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Waters at Viader Vinyards in Napa, California, 2007
|Born|| April 28, 1944 |
Chatham Borough, New Jersey, U.S.
Waters at Viader Vinyards in Napa, California, 2007
|Born|| April 28, 1944 |
Chatham Borough, New Jersey, U.S.
Alice Louise Waters (born April 28, 1944) is an American chef, restaurateur, activist, and author. She is the owner of Chez Panisse, a Berkeley, California restaurant famous for its organic, locally-grown ingredients and for pioneering California cuisine.
Waters opened the restaurant in 1971. It was consistently ranked among the World's 50 Best Restaurants from 2002 to 2008. Waters has been cited as one of the most influential figures in food in the past 50 years, and has been called the mother of American food. She is currently one of the most visible supporters of the organic food movement, and has been a proponent of organics for over 40 years. Waters believes that eating organic foods, free from herbicides and pesticides, is essential for both taste and the health of the environment and local communities.
In addition to her restaurant, Waters has written several books on food and cooking, including Chez Panisse Cooking (with Paul Bertolli), The Art of Simple Food I and II, and "40 Years of Chez Panisse." She is one of the most well-known food activists in the United States and around the world.
She founded the Chez Panisse Foundation in 1996, and created the Edible Schoolyard program at the Martin Luther King Middle School in Berkeley, California. Waters serves as a public policy advocate on the national level for school lunch reform and universal access to healthy, organic foods, and the impact of her organic and healthy food revolution is typified by Michelle Obama's White House organic vegetable garden.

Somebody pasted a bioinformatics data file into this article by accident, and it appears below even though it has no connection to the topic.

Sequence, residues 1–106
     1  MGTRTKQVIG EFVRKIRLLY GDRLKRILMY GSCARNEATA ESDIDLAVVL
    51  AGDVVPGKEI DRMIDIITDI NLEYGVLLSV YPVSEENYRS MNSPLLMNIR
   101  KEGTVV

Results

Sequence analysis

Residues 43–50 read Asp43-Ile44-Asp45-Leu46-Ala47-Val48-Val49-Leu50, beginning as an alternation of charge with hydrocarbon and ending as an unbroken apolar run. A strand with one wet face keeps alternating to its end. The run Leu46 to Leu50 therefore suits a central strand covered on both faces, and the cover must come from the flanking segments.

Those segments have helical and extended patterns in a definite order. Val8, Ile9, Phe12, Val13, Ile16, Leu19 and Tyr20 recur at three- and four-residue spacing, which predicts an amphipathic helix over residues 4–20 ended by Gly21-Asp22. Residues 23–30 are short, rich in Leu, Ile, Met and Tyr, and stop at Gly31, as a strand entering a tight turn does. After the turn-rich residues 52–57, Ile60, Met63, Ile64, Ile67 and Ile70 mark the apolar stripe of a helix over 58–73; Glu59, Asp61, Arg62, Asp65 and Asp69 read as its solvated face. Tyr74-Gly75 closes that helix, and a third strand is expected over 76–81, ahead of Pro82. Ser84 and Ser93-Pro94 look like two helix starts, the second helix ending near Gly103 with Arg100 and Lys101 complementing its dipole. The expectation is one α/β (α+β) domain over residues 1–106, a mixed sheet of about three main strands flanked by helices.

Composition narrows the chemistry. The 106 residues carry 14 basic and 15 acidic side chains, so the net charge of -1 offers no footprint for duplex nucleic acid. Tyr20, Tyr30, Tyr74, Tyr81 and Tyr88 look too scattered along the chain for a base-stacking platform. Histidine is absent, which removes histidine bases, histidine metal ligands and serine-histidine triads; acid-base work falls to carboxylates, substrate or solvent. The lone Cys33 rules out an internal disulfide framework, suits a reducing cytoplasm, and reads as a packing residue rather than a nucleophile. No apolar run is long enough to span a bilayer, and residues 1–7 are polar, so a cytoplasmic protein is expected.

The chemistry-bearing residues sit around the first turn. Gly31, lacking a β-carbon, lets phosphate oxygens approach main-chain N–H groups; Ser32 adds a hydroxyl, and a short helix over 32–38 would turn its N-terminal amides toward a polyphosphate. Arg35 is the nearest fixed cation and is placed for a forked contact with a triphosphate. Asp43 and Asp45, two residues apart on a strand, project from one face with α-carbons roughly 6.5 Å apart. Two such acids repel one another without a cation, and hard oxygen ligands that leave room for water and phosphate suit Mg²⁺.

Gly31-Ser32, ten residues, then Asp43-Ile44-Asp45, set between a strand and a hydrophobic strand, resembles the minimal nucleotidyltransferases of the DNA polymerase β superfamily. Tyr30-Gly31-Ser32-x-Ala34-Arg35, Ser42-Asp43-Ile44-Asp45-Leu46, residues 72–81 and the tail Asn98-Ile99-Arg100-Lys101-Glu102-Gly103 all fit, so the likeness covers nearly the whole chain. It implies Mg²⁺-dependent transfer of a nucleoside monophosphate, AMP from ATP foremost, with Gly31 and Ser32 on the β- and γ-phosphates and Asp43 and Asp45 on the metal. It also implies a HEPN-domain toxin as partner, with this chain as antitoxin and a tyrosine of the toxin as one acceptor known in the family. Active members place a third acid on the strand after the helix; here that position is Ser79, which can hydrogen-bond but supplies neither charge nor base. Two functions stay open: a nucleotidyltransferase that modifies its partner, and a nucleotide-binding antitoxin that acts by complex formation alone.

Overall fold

Waters was born in Chatham Borough, New Jersey. She graduated from the University of California, Berkeley after transferring there from UC Santa Barbara. She received a degree in French Cultural Studies in 1967. During her time at UC Berkeley, she studied abroad in France, where she shopped for local produce and prepared fresh foods simply in order to enhance the experience of the table. During her time in France, she says she “lived at the bottom of a market street” and “took everything in by osmosis”.
She brought this style of food preparation back to Berkeley, where she popularized the concept of market-fresh cooking with the local products available to her in Northern California. For her, food is a way of life and not just something to eat.
In response to a campus-wide ban on political involvement and activism, Berkeley students joined together to form the Free Speech Movement. One of the student leaders of this movement, Mario Savio, had a profound influence on Waters. Savio became famous in 1964 for delivering a speech, inciting individual student protesters to take action against the “machine” of political oppression. In his Sproul Hall Steps speech he said: “There’s a time when the operation of the machine becomes so odious…And you’ve got to put your bodies upon the gears and upon the wheels, upon the levers, upon all the apparatus, and you’ve got to make it stop”. Although her political aims have shifted, her approach to provoking change has remained constant over her tenure at Chez Panisse.
During this time, Waters worked on the congressional campaign of Robert Scheer, an anti-Vietnam War politician. She often cooked for and entertained her fellow campaigners, and for the first time was building her reputation as a cook in addition to an activist.
Waters eventually returned to Europe, where she first trained at a Montessori school in London, and then spent time traveling in Turkey and then in France once again. Principles of the Montessori method, which emphasize practical and hands-on activities for children, are evident in Waters’ idea of “edible education” and her Edible Schoolyard, which engages children in the preparation of fruits and vegetables that they tend to with the supervision of their teachers.